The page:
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GM banana shows promise against deadly fungus strain

Science Magazine

By Erik Stokstad

A field trial in Australia has shown that genetically modified banana trees can resist the deadly fungus that causes Panama disease, which has devastated banana crops in Asia, Africa, and Australia and is a major threat for banana growers in the Americas. The transgenic plants might reach some farmers in as few as 5 years, but it’s unclear whether consumers will bite. The work may encourage plant breeders using traditional techniques to create resistant varieties.

Bananas, one of the world’s most popular fruits, are a staple for more than 400 million people and a huge export business. In the 1950s, a soil-dwelling fungus destroyed Latin American crops of the most popular variety at the time, Gros Michel; it was replaced by a resistant variety, Cavendish, which now makes up more than 40% of harvests worldwide. In the 1990s, the Cavendish’s own nemesis surfaced in Southeast Asia: a related fungus called Fusarium wilt tropical race 4 (TR4).

Fungicides can’t control TR4; disinfecting boots and farm tools helps, but not enough. TR4 was detected in the Middle East in 2012 and appeared in Mozambique a year later. It has reached all banana-growing regions of China and was confirmed in Laos and Vietnam this year. Only the Americas have been spared so far. “This is an extremely important crop with major problems,” says study co-author Gert Kema, a plant pathologist and banana breeder at Wageningen University & Research in the Netherlands.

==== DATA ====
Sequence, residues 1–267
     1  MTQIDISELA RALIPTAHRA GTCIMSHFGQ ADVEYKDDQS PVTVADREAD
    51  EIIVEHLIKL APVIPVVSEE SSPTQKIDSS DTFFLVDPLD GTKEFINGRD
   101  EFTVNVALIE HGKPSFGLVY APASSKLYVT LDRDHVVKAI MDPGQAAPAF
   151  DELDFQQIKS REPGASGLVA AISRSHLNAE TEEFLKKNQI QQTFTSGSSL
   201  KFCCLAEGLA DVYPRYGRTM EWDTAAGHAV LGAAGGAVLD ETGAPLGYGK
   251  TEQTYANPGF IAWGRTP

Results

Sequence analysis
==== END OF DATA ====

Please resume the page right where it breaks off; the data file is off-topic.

Biotechnologist James Dale and colleagues at Queensland University of Technology in Brisbane, Australia, cloned a resistance gene named RGA2 from a type of wild banana that’s impervious to TR4 and inserted it into the Cavendish, creating six lines with varying numbers of RGA2 copies. They also created Cavendish lines with Ced9, a nematode gene known to confer resistance to many kinds of plant-killing fungi.

“This resistance is outstanding and a cause for optimism,” says Randy Ploetz, a plant pathologist at the University of Florida in Homestead who was not involved in the study. But Agustin Molina, a plant pathologist affiliated with Bioversity International, a nonprofit agricultural biodiversity organization, who is based in Los Baños, Philippines, is skeptical about the appeal of transgenic bananas: “The problem is that current markets are not receptive.”In 2012, the researchers planted their transgenic bananas, along with unmodified controls, at a farm about 40 kilometers southeast of Darwin, Australia, where Panama disease arrived 20 years ago. To be doubly sure the plants would be exposed to TR4, the researchers buried infected material near each plant. In the 3-year trial, 67% to 100% of control banana plants died or had yellow, wilting leaves and rotting trunks. But several transformed lines did well, with about 80% of plants remaining symptomless, and two lines—one outfitted with RGA2, the other with Ced9—were completely invulnerable, the team reported online 14 November in Nature Communications. The resistance genes did not reduce the size of banana bunches. 

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Posted in: doi:10.1126/science.aar5267


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